As he took the stage, Trump greeted the crowd with the words: “Hello to a place where we did really well, Sioux Falls! Thank you very much.”
The problem was that Trump was in Sioux City, Iowa – not Sioux Falls, a city in South Dakota.
Iowa Republican State Senator Brad Zaun quickly appeared on stage and whispered something in Trump’s ear, and the former president could be seen saying “Oh!”
He then returned to the microphone and corrected himself, telling the crowd, “So, Sioux City, let me ask you, how many people come from Sioux City, how many people?… Who doesn’t come from Sioux City? Where the hell do you guys come from?!”
It was a very strange way to address people during a rally.
This brings us to this Veterans Day weekend’s most recent gaffe, when Trump again invoked Orban during a speech in Claremont, New Hampshire.
Trump said the Hungarian leader was asked what advice he would give “President Obama” about how to proceed in a world that “seems to be exploding and imploding.”
According to Trump, Orban responded that Obama “should resign immediately and they should replace him with President Trump, who has kept the world safe.”
The problem is – as almost everyone knows – that Obama is not the sitting president of the USA.
It was these types of missteps that caused some of Trump’s 2024 Republican rivals to raise warnings, suggesting that the former president’s cognitive decline may be at play.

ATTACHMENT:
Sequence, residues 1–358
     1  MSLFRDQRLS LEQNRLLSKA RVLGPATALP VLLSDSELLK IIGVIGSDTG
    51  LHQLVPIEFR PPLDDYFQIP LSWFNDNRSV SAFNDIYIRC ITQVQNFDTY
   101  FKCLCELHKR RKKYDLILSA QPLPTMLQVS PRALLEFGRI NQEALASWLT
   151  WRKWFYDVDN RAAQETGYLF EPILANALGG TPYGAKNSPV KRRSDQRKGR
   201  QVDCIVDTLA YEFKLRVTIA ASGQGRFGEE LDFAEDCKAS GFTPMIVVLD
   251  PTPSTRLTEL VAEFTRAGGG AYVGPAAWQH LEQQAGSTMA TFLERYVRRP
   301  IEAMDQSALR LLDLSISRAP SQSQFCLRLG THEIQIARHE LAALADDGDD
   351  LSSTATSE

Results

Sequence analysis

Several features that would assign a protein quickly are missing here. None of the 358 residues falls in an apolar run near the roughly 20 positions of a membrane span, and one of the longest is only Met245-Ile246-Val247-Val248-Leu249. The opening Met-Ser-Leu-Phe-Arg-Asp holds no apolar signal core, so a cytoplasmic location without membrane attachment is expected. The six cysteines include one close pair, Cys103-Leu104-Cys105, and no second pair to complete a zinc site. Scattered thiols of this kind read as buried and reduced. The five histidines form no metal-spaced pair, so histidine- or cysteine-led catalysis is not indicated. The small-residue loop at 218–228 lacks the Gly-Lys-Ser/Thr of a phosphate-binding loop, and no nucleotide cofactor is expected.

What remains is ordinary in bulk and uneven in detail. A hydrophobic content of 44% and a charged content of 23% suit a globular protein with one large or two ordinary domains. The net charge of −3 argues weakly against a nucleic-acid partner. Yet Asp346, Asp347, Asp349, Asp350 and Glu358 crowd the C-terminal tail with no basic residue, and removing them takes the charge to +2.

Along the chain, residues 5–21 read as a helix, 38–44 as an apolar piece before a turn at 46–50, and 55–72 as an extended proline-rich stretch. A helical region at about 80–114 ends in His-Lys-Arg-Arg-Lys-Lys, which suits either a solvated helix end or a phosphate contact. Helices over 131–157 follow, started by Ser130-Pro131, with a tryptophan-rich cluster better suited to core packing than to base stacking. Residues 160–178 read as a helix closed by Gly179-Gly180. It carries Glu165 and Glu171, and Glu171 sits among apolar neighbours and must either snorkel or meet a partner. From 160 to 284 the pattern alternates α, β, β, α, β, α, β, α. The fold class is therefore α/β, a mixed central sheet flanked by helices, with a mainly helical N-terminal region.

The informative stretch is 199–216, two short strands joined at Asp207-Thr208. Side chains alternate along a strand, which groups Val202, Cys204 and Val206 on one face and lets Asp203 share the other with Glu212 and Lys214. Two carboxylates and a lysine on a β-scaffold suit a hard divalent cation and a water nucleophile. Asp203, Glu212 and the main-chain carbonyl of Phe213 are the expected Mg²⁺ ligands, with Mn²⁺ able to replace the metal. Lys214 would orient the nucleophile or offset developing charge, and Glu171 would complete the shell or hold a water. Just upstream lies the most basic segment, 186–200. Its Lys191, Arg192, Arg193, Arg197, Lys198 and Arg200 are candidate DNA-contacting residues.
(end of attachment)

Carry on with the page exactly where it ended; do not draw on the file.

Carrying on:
Some of the sharpest warnings came from Florida Governor Ron DeSantis, who recently warned, “this is a different Donald Trump than he was in 2015 and 2016,” adding, “right now, he’s just a different guy. And it’s sad to see.”
DeSantis’ campaign even claimed that declining mental acuity could be the reason “his campaign advisers won’t let him debate.”
To be honest, this seems more than plausible to me.
In a debate, Trump would be on stage for two hours, where he would be forced to think for himself without the benefit of a teleprompter.
Of course, Trump could easily allay concerns that potential cognitive decline is one of the reasons for not participating in the first three presidential debates and ending up participating in the next one.
What makes all of this really interesting is that the situation is now reversed: Trump has long criticized that 80-year-old Biden, his likely Democratic opponent in the 2024 presidential race, shows the effects of aging on his mental abilities. In fact, Biden is just three years older than 77-year-old Trump.
True, there are times when Trump seems to function like he used to. But we need to worry about whether Trump is actually suffering a dangerous mental decline, because if he wins the presidency in 2024, he will be – among other vitally important roles he will perform as US president – commander in chief of our military.
And the White House is no place for someone who is confused about the city they are in, who doesn’t know who the real president is, or who thinks Hungary’s leader is running the show in Turkey.
Source: CNN Brasil
Bruce Belcher is a seasoned author with over 5 years of experience in world news. He writes for online news websites and provides in-depth analysis on the world stock market. Bruce is known for his insightful perspectives and commitment to keeping the public informed.